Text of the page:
Renaming a Database Table In-Flight

by Arvind Paul

Most startups run multiple experiments in the early stages of achieving Product-Market fit and Outschool is no exception. A natural engineering consequence is that certain areas of the physical data model become obsolete or in some cases, repurposed. As part of managing technical debt efficiently, we need to consider how to update the database schema on occasion to keep our codebase as self-documenting as possible without disrupting production and external analytics consumers.

Recently, we had an opportunity for one such refactor. While Outschool is primarily a “direct to consumer” marketplace, we also have direct relationships with organizations such as schools, school districts, affiliate partners, companies, and community partners. Some of these partnerships were forged fairly early in our evolution, whereas other use cases were more opportunistic. As a result, we had client data dispersed across three different tables. Schools that enrolled their learners in Outschool classes were stored in the private_schools table (reflecting our early work with Charter Schools). Schools and districts that supplied teachers and classes were stored in the educational_orgs table. We also had organization data embedded in the company_wallets table for employers that offer Outschool funds to their employees as a benefit option.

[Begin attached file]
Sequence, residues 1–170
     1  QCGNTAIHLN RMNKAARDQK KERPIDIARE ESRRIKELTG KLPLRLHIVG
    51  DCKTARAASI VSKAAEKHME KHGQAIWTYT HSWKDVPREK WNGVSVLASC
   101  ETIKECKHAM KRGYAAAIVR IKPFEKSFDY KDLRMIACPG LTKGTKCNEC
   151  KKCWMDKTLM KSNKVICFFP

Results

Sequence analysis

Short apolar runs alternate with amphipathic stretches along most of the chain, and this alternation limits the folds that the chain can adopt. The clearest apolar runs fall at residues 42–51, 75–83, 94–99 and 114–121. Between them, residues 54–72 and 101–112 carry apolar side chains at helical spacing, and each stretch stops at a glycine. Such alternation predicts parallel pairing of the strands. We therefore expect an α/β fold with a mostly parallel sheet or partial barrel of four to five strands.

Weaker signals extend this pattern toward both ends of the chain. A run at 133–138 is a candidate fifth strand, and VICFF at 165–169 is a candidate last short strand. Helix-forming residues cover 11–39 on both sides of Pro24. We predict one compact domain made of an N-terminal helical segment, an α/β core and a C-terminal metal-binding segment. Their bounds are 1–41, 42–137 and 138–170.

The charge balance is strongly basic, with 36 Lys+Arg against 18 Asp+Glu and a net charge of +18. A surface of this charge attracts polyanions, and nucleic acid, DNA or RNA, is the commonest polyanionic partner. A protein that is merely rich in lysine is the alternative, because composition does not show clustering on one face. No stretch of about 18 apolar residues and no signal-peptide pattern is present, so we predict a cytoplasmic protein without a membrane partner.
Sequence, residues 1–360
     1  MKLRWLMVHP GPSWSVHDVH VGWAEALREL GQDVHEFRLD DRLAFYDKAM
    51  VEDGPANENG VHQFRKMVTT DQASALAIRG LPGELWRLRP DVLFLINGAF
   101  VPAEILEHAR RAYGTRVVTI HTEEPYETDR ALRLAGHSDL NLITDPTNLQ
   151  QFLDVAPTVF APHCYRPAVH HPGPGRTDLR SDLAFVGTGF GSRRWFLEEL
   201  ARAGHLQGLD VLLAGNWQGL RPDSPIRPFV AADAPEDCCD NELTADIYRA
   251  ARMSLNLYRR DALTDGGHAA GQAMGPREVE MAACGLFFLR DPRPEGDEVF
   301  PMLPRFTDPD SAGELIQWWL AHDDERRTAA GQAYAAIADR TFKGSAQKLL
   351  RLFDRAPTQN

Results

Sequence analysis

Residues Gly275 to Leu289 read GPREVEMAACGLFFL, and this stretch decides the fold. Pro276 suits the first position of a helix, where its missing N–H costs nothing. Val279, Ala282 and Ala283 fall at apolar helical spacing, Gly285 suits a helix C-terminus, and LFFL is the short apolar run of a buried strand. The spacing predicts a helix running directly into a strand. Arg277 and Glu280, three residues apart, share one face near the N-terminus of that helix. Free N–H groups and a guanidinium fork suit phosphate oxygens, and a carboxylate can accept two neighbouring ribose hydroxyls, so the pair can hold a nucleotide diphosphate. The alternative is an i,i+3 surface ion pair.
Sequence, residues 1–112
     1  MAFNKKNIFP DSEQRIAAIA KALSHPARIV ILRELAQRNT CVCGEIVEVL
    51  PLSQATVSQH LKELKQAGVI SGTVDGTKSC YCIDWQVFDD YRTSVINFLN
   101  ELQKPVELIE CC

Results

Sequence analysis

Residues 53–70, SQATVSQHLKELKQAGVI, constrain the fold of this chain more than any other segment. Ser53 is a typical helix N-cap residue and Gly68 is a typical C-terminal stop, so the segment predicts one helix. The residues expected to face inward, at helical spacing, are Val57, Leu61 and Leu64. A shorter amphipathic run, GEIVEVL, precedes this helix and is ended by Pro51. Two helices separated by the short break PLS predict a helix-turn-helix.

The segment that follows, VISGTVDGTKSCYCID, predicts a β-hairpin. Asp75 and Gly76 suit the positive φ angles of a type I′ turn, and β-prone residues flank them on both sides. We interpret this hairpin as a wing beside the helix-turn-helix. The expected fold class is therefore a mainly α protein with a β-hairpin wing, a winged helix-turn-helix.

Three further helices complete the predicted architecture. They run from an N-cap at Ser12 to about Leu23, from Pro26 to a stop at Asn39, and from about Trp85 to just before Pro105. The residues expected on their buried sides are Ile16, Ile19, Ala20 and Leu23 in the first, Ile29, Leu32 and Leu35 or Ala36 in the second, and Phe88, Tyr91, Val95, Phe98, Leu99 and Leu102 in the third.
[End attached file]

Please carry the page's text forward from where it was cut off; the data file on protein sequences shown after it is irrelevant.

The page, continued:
The above fragmentation posed challenges as we scaled, primarily around reporting. For instance, a school or district could both supply classes and enroll learners, but their data would be spread across multiple tables. Also, in integrating with our CRM, we had multiple sources of truth. As part of an effort to unify the UX for administrators at our corporate partners, we decided to consolidate the different sources of truth into a single, unified data model. The challenge then became how we would accomplish this while maintaining backwards compatibility and without any disruption of service, given that these tables were heavily referenced by foreign keys in transactional tables. Here, I will talk about our strategy for one specific aspect of the migration.

Since the private_schools table had the most data and also had most of the columns we would need in the new, unified table, it made sense to use this table as our starting point. However, we needed a more generic name for this table to reflect its new purpose. So, it was decided to rename the table as corporate_customers after some debate. (Not easy finding a generic name - naming is hard!) We also decided to add a type column that would serve to disambiguate existing data from new data that would later be added to the same table.

Outlined below are the steps we undertook to rename the table without breaking existing code paths and without any disruption to our production systems. The steps were executed sequentially in production across multiple days.

Renaming a Database Table In-Flight

Step 1: Create an empty table. We created the corporate_customers table with a schema identical to the private_schools table, except that it had a new type column with a default value. We also added nullable foreign keys to all the tables which were already referencing the private_schools table.

Step 2: Migrate data to the new table; replace the existing table with a view. This was accomplished in a single migration that did the following: